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Title page for ETD etd-07192013-111040


Type of Document Dissertation
Author Mazurska, Joanna Maria
Author's Email Address joanna.m.mazurska@vanderbilt.edu
URN etd-07192013-111040
Title Making sense of Czeslaw Milosz: a poet’s formative dialogue with his transnational audiences
Degree PhD
Department History
Advisory Committee
Advisor Name Title
Michael Bess Committee Chair
Frank Wcislo Committee Member
Helmut W. Smith Committee Member
Marci Shore Committee Member
Meike Werner Committee Member
Keywords
  • literature and politics in 20th century East Central Europe
  • exilic literature
  • Polish dissident movement
  • intellectuals and poetry and politics
  • Czeslaw Milosz
  • Kultura (Polish emigre monthly)
Date of Defense 2013-06-26
Availability unrestricted
Abstract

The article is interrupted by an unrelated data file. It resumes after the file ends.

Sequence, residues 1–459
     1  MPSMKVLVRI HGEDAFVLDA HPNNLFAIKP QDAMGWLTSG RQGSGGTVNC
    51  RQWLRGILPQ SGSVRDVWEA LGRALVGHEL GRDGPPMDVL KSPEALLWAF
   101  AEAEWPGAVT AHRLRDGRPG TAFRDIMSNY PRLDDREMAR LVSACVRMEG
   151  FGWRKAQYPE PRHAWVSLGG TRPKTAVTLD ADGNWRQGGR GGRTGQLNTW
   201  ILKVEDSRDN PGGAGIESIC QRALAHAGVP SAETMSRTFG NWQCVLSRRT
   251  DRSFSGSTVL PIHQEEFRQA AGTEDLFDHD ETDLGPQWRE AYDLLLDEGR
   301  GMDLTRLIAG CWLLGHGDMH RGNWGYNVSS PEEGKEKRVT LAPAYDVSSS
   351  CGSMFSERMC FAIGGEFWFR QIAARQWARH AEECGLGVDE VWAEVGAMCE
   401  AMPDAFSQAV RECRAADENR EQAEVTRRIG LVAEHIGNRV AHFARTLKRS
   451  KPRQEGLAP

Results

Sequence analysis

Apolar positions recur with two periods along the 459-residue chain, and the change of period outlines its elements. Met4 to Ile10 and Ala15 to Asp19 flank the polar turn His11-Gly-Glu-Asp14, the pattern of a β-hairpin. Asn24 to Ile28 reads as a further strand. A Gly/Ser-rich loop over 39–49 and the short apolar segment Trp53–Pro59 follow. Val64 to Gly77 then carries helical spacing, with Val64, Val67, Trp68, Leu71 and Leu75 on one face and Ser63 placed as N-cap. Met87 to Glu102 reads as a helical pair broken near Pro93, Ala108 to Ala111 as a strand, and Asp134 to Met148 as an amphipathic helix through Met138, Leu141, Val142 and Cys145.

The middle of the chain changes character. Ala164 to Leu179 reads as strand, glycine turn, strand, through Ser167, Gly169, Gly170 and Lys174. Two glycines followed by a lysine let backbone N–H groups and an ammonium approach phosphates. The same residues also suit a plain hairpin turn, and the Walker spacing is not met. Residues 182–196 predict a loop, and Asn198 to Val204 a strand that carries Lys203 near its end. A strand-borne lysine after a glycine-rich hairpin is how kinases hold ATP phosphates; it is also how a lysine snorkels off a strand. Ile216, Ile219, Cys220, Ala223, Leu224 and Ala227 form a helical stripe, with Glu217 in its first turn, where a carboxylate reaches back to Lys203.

My dissertation explores the multi-channeled dialogue between Czeslaw Milosz (1911-2004), the Polish poet and Nobel laureate, and his transnational audiences, over the half century following World War II. The principal methodological innovation of my project consists of thinking of intellectuals like Milosz as products of a give-and-take process in which their identity is gradually shaped and catalyzed in dialogical interaction with their audiences. This dissertation sheds light on the ways Milosz’s audiences deployed Cold War politics and the cultural repertoire of Polish Romanticism in order to co-author the poet’s identity and written works according to their political, moral, and intellectual needs. Engaging literature in the fields of East-Central European History and Intellectual History, I explore Milosz’s dialogue with his audiences, ranging from his flight from the Stalinized Poland of the 1950’s to his subsequent involvement in debates over anti-communism in the West, from his resettlement as a poet and professor of literature in California to his 1981 return to Poland as a moral hero of the Solidarity dissident movement. My dissertation uses Milosz's case not only as a vantage point for reflection on the formative processes that influence the social role and cultural identity of intellectuals, but also provides a lens into the critical issues of the epoch: nationalism, communism, and globalism in the context of the remarkable realignments of power and society that took place during the Cold War and in the century’s final decade.
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